Part of the deal as an auteurist is that we will follow the director from film to film, keeping an open mind The relationship is the point. The director reaches out to us, and we hope to reach back and embrace their new film. Will it make us understand something new? Will it deepen a certain aspect of their art? Will it set off in new directions? Will it disappoint us? Each film is a new encounter. And so we take out our notebooks and begin to revise our notes, our ideas.
There is currently a video on Youtube titled “Naoko Ogigami: Japan’s Comfiest Filmmaker.” It’s around 25 minutes long and goes in-depth into Ogigami’s career and background, combing through her interviews to provide insight into her process and her films. It’s worth watching. But this title of “Japan’s Comfiest Filmmaker” cannot be ignored. At first blush, it is understandable. But it’s also somewhat insidious. Ogigami’s films are undeniably gentle and whimsical. Their surfaces are placid and calm. More than anything else, her cinema is welcoming. But this only describes her cinema up to a point. And it doesn’t quite work to describe the achievement of her latest films, 2017’s Close-Knit and 2021’s Riverside Mukolitta. In these two films, she is pushing her art further and further – her films will always be gentle and inviting, but now these same surfaces are used to invite you to wade into darker and darker undercurrents.
How do you live?
Riverside Mukolitta is a work steeped in death. All the major characters are touched by it, ruined by it. But Ogigami does not film dourly She does not film to wallow in her character’s misery. Her cinema provides an alternative. Kenichi Matsuyama plays Yamada, a young man recently released from prison. He finds a job slicing up squid at a small factory; repetitive work that his boss says has driven people to quit after a day or two. But Yamada has nowhere else to be, nothing else to do. His boss helps him find a room at an old apartment building where he soon meets his colorful neighbors.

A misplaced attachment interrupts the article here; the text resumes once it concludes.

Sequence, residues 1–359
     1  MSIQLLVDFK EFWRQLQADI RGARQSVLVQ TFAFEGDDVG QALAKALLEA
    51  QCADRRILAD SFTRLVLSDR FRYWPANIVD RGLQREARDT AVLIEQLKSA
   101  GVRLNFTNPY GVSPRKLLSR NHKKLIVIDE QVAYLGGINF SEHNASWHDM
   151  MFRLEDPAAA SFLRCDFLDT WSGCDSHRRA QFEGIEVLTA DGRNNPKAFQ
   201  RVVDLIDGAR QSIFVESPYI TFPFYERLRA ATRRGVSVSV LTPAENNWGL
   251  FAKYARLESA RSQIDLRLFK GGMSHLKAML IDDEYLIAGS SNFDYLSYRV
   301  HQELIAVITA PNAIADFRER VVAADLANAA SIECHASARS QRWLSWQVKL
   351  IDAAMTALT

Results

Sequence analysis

Part of Ogigami’s universe will always be, on some level, filled with quirkiness and whimsy. But whereas in previous films, like Kamome Diner, this revealed itself as a way to celebrate the oddity of all its characters, in Riverside Mukolitta, tries to marry the oddball nature of her characters to their desperate struggle to find a way to live. Ogigami always makes community pictures. So Yamada’s neighbor invites himself into his apartment, over and over, first to use his bath, and then to eat his food – anything to stave off the loneliness. Another of Yamada’s neighbors takes his young son to sell tombstones door to door, both of them wearing identical suits, which at first registers like a too-cute joke, but soon makes sense as another aspect of the film’s relationship to death. Once Yamada is able to afford some food and finds a fan in the garbage heap, life begins to be somewhat bearable.
How is community built? How is it formed? Ogigami’s cinema is built of small gestures, mundane domestic rituals. Characters share meals with each other, they help tend to each other’s gardens, they walk to the local temple to cool down. One of the film’s funniest scenes occurs as more and more neighbors invite themselves to a meal, popping up by the door, as they prepare their sukiyaki. Perhaps they complain, but deep down it is nice to have company. Each interaction builds on the last, and soon an unmistakable fond is formed, impossible to ignore.
All of Ogigami’s films are essentially manuals on how to go about life. Her early films such as Kamome Diner and Glasses built up small little communities, they preach tolerance, inclusiveness, relaxation, rest. In Rent-a-cat, the main character lets people rent her cats so they can find healing and comfort. Perhaps, on some level, they deal with issues of self-care. But in her last two films, she has left behind these characters who don’t have too many conflicts to show characters who genuinely struggle through life. Ogigami’s search in how to deal with these characters lends the films a lot of their interest. How do you live becomes how do you film.
Eat your bones